Alonso is dovetailing his F1 commitments with an almost full programme racing for Toyota in the World Endurance Championship, as part of his ambition to win the Le Mans 24 Hours and tick off another of motorsport’s ‘triple crown’ of victories at the Monaco Grand Prix, Le Mans and the Indianapolis 500.

Brown dismissed suggestions this meant the 36-year-old’s commitment to F1 was dropping.

Brown said: "He races or drives every weekend, half the time under a different name when he’s karting. He just wants to be in race cars.

"I think it keeps him fresh and focused, it is what he wants to do.

"Fernando is very well prepared, knows what it takes to be successful and he wouldn’t have taken on the commitment if he didn’t think he could do both at the highest level. It is no other agenda than he wants to race and he wants to win."


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Fernando Alonso: World Endurance Championship race moved so F1 star can compete

Fernando Alonso will take part in all rounds of the World Endurance Championship this year after a race was moved to accommodate him.

The two-time F1 world champion is dove-tailing his F1 commitments for McLaren with racing for Toyota in the WEC.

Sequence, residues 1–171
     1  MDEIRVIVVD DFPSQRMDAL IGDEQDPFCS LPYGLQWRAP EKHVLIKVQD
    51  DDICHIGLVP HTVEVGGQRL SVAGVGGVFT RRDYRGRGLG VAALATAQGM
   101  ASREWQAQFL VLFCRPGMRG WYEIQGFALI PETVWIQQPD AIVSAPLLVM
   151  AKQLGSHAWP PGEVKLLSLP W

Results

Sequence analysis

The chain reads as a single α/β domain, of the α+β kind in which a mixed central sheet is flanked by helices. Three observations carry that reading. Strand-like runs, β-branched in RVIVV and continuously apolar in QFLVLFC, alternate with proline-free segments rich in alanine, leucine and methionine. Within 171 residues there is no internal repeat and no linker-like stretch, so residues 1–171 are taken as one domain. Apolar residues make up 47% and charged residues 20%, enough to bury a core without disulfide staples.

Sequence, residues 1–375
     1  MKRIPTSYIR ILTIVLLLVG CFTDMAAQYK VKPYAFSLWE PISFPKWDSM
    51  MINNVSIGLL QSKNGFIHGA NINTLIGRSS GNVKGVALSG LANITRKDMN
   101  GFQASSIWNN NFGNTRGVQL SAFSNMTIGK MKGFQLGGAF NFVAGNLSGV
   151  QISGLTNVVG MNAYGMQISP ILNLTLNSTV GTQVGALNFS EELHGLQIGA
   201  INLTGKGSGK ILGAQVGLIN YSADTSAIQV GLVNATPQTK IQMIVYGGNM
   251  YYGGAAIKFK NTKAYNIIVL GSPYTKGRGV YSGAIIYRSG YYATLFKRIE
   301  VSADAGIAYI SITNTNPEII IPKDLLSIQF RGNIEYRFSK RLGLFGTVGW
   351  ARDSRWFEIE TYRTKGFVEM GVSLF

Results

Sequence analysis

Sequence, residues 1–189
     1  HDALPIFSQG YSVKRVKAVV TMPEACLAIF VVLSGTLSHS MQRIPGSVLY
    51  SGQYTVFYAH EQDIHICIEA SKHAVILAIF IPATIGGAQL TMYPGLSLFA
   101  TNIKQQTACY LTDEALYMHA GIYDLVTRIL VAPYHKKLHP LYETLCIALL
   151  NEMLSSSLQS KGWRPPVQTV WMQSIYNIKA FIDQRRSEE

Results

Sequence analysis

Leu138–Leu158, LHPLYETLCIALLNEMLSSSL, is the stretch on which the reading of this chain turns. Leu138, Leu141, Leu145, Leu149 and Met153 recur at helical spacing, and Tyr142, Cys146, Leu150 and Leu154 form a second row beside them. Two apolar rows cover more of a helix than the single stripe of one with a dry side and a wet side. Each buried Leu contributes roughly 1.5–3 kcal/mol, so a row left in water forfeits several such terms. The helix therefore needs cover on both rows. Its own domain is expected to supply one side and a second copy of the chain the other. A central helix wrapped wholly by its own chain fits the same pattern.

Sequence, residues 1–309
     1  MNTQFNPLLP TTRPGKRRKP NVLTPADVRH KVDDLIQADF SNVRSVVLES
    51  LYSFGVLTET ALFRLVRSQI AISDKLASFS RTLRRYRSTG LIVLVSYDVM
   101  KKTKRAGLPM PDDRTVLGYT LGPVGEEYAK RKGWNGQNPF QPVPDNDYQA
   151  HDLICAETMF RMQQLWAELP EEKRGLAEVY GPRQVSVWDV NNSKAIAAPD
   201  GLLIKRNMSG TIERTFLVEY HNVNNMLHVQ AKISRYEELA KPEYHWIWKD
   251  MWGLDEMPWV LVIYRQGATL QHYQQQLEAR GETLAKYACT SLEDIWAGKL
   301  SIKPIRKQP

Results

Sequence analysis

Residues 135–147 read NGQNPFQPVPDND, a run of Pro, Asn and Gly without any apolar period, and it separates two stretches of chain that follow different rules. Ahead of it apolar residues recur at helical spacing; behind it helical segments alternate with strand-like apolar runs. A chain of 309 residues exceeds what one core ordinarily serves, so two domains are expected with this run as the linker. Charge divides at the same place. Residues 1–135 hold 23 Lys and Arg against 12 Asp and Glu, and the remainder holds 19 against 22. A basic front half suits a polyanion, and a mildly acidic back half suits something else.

The Japanese race clashed with the US Grand Prix but in a sign of Alonso’s pulling power it has been moved a week earlier than the F1 race in Texas.

The race at Fuji Speedway will now take place on 14 October.

The move was officially requested by Fuji but the track is owned by Toyota, so it effectively comes from Alonso’s team.

It is believed to be the first time an FIA world championship event has been moved solely to ensure one driver can take part in it, and as such demonstrates the remarkable appeal Alonso has as one of the biggest stars in motorsport

From Alonso’s point of view, it means the 36-year-old Spaniard can now target winning the WEC title as well as Le Mans, as he will be taking part in all races. He called it “awesome news” on Twitter.